The Flexible Romney Standard

Back in May, Romney praised the idea of a Constitutional Amendment requiring Presidents to not only be 35 years old and a natural citizen, but also to have at least three years running a business. Now, three months later he has nominated Paul Ryan to be a heartbeat from the presidency although since graduating college Ryan has spent most of his life in government: As staff economist and speech writer for various Senators, candidates and advocacy groups, and then as US Representative since 1998. His longest experience in the private sector was a few months before his House election doing marketing for his relatives’ construction company Ryan Incorporated Central.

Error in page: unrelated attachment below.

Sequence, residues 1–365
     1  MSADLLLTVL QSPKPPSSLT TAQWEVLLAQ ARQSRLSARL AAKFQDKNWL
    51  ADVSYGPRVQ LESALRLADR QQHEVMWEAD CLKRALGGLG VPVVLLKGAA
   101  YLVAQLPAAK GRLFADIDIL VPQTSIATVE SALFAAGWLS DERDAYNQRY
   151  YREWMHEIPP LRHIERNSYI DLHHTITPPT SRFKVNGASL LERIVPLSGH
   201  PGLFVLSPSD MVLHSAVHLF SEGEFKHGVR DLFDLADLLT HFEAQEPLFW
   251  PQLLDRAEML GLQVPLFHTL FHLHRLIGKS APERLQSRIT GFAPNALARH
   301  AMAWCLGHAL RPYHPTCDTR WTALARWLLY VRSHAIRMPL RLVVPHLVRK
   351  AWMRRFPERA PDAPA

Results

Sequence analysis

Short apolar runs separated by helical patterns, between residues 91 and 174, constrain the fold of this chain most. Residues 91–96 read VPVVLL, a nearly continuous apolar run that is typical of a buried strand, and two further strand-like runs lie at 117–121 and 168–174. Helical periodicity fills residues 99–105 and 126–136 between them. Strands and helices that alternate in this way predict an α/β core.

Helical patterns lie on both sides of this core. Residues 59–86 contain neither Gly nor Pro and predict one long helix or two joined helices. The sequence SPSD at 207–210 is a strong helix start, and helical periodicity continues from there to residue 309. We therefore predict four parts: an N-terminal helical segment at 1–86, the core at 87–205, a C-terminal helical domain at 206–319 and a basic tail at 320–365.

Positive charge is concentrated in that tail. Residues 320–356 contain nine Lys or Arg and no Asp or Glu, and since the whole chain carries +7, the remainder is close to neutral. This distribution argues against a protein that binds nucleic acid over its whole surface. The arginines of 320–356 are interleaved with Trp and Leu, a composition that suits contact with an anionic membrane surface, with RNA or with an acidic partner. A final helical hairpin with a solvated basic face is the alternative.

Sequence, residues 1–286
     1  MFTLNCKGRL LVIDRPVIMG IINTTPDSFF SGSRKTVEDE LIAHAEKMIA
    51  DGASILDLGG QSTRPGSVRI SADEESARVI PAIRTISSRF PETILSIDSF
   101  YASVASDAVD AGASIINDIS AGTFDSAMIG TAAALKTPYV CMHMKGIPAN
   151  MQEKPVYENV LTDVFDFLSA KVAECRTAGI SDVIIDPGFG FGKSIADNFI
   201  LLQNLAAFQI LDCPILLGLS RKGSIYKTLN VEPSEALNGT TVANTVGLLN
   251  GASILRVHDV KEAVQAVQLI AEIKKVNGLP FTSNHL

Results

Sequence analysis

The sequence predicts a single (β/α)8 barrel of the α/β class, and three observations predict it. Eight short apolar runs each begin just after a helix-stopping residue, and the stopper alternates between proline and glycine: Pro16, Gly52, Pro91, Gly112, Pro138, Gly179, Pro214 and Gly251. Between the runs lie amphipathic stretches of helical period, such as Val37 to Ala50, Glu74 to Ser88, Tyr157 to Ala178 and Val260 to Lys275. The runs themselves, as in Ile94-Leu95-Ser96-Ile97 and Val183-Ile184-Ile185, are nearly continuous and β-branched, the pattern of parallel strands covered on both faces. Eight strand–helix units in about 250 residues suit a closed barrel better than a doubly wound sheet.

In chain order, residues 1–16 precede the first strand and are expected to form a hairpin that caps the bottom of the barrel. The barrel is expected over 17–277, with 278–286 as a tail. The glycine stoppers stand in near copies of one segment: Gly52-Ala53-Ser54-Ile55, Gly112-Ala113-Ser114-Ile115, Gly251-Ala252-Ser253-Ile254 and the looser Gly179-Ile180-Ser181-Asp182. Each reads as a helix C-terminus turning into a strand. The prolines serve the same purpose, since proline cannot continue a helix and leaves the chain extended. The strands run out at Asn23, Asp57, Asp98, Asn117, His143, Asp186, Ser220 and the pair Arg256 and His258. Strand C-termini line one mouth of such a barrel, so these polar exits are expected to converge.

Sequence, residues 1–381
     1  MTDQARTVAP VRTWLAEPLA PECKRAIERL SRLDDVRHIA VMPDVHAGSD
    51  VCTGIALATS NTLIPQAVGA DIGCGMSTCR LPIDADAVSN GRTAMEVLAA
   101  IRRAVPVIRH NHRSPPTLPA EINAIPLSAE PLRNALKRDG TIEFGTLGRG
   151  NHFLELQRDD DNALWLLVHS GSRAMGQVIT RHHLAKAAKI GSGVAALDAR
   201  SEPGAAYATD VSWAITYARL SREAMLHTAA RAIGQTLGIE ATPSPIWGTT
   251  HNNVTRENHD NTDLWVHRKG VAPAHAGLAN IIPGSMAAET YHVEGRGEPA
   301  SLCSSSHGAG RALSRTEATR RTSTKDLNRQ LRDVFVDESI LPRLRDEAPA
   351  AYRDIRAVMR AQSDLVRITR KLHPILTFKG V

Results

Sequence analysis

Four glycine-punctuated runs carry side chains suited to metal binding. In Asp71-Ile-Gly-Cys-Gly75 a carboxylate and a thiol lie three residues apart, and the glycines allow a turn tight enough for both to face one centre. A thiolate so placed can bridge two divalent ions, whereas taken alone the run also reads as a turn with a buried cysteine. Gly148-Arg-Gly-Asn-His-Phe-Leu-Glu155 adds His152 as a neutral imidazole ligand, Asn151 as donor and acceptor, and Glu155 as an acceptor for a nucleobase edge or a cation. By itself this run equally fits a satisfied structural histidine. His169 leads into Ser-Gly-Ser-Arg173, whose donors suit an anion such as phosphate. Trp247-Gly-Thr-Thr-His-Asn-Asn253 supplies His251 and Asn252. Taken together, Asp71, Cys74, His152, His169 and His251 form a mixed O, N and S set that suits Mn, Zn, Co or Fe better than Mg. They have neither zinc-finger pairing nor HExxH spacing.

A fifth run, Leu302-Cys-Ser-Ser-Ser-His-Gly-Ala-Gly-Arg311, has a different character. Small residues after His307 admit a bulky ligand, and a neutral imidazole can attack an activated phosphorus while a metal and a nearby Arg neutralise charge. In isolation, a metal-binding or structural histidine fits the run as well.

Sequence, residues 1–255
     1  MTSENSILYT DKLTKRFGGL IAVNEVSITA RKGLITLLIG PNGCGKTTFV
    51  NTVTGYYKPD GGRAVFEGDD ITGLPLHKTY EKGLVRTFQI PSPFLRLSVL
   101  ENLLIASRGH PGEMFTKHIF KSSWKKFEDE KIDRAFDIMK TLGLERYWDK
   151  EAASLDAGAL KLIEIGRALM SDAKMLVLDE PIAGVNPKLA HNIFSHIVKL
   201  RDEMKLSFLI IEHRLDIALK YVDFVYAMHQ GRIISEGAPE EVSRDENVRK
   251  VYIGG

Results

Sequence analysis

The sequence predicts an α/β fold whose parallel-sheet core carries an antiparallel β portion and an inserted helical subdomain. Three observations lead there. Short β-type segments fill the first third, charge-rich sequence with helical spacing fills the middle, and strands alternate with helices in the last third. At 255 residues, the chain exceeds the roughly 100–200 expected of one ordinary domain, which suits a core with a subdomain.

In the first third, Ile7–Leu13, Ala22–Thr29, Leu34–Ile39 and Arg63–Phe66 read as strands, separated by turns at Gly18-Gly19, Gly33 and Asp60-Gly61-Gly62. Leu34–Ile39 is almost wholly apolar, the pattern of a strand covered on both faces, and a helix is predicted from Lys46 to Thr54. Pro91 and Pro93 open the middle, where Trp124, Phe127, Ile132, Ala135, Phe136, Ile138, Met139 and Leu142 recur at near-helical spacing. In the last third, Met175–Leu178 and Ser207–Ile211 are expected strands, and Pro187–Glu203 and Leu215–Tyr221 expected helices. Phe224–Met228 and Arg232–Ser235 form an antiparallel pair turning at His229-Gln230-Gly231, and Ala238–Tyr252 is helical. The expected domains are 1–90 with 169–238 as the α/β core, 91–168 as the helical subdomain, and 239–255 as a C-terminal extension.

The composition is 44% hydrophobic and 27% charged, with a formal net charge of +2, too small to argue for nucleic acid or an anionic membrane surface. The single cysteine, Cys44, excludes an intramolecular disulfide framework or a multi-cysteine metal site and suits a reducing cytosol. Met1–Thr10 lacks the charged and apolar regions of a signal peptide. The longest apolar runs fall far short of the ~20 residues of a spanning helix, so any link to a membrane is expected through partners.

What happened to the business experience Romney said should be required of a President?

Similarly, back in January we had this exchange at the Tampa Debate between Republican candidates Newt Gingrich and Mitt Romney:

Gingrich: I’m prepared to describe my flat tax as the Mitt Romney flat tax.

Romney: Do you tax capital gains at 15 percent or zero percent?

Gingrich: Zero.

Romney: Under that plan, I’d have paid no taxes in the last two years.

Gingrich’s tax plan is identical to Paul Ryan’s tax plan in their treatment of capital gains. Romney income is almost entirely from capital gains, so under the Ryan/Gingrich/Romney tax plan, Romney would not be paying 13.9% as he did last year, but rather a mere 0.82%.

If paying no taxes was not acceptable in January, why is paying virtually no taxes acceptable in August?


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